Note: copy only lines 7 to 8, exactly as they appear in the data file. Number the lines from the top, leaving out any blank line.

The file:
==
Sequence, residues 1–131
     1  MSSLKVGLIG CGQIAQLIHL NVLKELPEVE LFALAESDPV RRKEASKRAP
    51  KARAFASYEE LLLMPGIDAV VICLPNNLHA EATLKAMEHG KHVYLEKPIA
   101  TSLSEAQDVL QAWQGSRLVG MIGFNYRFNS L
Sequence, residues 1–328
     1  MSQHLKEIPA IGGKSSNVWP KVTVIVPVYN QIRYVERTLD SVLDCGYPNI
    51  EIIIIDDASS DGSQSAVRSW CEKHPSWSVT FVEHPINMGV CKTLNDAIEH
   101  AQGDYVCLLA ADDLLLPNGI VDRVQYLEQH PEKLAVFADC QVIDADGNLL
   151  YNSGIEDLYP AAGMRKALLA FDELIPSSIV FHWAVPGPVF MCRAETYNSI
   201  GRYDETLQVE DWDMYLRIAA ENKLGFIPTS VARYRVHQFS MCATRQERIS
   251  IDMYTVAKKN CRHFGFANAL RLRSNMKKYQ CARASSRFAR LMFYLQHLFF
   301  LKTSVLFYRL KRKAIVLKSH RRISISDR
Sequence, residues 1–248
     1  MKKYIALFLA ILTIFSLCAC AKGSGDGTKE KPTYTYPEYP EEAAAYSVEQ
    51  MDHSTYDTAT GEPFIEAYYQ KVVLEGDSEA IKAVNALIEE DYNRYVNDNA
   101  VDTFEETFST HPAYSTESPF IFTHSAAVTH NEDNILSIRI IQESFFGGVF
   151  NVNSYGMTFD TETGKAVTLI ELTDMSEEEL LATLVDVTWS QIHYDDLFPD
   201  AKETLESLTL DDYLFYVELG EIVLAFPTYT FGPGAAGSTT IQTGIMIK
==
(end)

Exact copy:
    51  EIIIIDDASS DGSQSAVRSW CEKHPSWSVT FVEHPINMGV CKTLNDAIEH
   101  AQGDYVCLLA ADDLLLPNGI VDRVQYLEQH PEKLAVFADC QVIDADGNLL